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This girl can Morris: Photographer Lucy Wright celebrates girls’ Morris Dancing

a close up girls in dance costumes

Orcadia Morris Dancers in 2013

Lucy Wright’s photos explore the world of girls’ morris dancing at the English Folk Dance and Song Archive

Morris dancing: it’s all accordions, bells, tankards and beardy men – right? This may be the image the word Morris conjures when thinking about one of our most recognisable folk dance customs, but there is an alternative history that reveals a surprising level of female participation stretching back across the centuries.

Historians have found evidence of female morris dancing in the 16th century and in the North West a tradition of mixed and female sides can be traced back to the 18th century.

In the 19th century in Lancashire, girls sides began to be formed from chapel and mill communities for dancing at town and village carnivals and even though by the 1940s they were wearing the pompoms and frills more associated with Irish dancing and cheerleading, to this day the morris bells remain and each side resolutely refers to themselves as carnival morris dancers.

Lucy Wright’s photos explore this largely unknown world, drawing on more than three years of fieldwork in the carnival morris dancing community.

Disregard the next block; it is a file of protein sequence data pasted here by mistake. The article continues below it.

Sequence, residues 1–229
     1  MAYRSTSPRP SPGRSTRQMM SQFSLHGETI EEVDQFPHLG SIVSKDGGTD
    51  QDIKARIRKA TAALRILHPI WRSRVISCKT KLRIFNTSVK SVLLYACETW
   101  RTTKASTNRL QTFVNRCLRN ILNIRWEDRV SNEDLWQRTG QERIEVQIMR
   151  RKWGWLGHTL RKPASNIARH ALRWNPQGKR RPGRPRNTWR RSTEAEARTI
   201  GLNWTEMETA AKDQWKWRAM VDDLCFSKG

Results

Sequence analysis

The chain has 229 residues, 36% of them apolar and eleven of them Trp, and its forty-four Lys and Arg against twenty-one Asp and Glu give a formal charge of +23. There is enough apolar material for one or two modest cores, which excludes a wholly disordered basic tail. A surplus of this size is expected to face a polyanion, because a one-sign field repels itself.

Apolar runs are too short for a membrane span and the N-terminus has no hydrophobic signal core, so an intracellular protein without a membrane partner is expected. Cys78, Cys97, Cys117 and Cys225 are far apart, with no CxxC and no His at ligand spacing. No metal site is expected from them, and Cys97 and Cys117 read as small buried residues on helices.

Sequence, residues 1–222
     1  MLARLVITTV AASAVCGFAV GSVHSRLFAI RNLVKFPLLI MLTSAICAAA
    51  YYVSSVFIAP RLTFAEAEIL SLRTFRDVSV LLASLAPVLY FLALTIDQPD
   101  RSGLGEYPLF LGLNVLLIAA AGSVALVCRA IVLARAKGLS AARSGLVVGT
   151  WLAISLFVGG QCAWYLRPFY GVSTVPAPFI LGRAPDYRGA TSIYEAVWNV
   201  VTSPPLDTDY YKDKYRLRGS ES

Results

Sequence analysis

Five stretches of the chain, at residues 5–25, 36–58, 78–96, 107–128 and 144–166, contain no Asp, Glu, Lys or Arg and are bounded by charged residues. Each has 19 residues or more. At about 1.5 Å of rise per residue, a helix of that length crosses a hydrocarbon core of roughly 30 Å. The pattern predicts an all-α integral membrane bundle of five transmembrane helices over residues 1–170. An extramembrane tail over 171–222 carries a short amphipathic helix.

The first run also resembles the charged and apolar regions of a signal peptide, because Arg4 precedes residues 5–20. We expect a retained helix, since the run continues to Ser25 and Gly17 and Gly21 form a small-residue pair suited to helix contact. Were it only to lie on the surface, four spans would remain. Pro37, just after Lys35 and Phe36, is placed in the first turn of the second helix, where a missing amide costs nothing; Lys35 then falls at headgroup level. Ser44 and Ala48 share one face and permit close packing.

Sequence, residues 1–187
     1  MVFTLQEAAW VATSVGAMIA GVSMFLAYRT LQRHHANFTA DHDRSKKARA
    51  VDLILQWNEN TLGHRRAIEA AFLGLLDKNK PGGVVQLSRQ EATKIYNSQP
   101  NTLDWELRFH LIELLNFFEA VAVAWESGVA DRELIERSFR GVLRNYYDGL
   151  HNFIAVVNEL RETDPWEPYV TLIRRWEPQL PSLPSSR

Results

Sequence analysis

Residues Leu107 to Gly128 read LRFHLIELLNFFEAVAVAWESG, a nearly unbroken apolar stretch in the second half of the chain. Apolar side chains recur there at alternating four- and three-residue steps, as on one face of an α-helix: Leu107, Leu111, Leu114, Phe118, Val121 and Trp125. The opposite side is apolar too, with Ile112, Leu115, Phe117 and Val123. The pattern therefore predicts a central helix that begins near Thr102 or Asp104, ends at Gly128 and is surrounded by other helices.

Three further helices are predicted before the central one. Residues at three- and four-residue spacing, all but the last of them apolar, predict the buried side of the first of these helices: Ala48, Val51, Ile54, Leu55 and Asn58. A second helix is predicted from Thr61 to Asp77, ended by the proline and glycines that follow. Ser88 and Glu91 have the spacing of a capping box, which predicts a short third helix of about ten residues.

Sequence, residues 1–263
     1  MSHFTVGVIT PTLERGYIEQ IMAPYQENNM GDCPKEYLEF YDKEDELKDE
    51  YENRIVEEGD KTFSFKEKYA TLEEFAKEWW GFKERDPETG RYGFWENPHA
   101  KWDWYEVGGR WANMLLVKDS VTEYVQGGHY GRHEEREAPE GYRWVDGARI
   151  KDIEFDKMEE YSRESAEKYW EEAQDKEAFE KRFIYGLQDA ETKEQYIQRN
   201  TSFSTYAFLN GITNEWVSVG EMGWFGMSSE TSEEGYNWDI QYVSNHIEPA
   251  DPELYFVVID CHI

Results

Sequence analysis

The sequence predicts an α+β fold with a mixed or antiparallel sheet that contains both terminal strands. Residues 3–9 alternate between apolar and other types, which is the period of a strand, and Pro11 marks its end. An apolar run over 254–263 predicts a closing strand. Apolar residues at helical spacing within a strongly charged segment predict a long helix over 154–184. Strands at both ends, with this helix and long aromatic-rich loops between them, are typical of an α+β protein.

a photo of a groupof people in hoodies at a dance competition seen from behind

Photo Lucy Wright

a photo of a group of giles in glittery dance outfits dancing in formation

Photo Lucy Wright.

a photo of a club filled with people and a stage in the distance

Photo Lucy Wright

Focusing on the Orcadia Morris Dancers from Skelmersdale in West Lancashire, Wright’s photo series goes behind-the-scenes at a morris dancing competition, the highly competitive End of Season Championships of the English Town and Country Carnival Organisation (ETACCO), held annually in Southport.

Situating girls’ morris dancing within a wider community of carnival performance – including entertaining troupes and jazz (kazoo) marching bands – the photographs are juxtaposed with archival images from The Morris Ring Archive and Living Tradition Archive both of which celebrate the vibrancy and diversity of contemporary English folk dance.

Currently based at the University of Sheffield, Lucy Wright is an artist and ethnomusicologist, with an interest in English folk music and dance – in particular the performance legacy of the town carnival movement in the North of England and Wales – and in the relationships between performance and material practice.

a photomof a teenage girl and a little girl together in sequinns

Katie and Tyla. Photo Lucy Wright

A photo of a girl being mebraced by her mum

Photo Lucy Wright.

an old colourised postcard showing a group shot of a girls dance troupe

The Greenfield Morris Dancers. Reproduced with thanks to the Morris Ring Archive.


See Lucy Wright’s website at www.artistic-researcher.co.uk

Visit the website of the English Folk Dance and Song Society (which hosts the Vaughan Williams Memorial Library and Archive) at www.efdss.org

The exhibition runs until July 30 2017 at Cecil Sharp House during opening hours of the building. Admission is free.


The English Folk Dance and Song Society (EFDSS) is one of the leading folk development organisations in the UK with a history dating back to 1898. It is multi-faceted, being a membership society with 4000 members; an advocate and lobbyist; an arts venue (Cecil Sharp House in North London) hosting…





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